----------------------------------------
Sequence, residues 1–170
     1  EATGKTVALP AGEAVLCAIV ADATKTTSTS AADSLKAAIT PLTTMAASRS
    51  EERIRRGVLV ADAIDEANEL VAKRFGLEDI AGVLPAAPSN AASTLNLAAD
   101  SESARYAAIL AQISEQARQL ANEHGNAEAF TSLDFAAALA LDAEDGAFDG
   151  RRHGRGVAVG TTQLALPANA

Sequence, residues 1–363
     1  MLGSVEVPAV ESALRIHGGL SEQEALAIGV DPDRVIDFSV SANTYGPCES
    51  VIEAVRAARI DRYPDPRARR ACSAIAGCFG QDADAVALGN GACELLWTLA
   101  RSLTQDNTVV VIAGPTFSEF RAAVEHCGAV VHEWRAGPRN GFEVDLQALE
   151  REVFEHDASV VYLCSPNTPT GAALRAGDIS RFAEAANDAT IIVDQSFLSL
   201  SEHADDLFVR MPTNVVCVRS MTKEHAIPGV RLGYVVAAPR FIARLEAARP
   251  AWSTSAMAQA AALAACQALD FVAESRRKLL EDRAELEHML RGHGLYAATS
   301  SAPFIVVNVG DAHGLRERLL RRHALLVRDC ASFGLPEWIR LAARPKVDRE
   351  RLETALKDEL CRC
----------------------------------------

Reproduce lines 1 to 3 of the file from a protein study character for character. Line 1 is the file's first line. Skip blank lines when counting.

Sequence, residues 1–170
     1  EATGKTVALP AGEAVLCAIV ADATKTTSTS AADSLKAAIT PLTTMAASRS
    51  EERIRRGVLV ADAIDEANEL VAKRFGLEDI AGVLPAAPSN AASTLNLAAD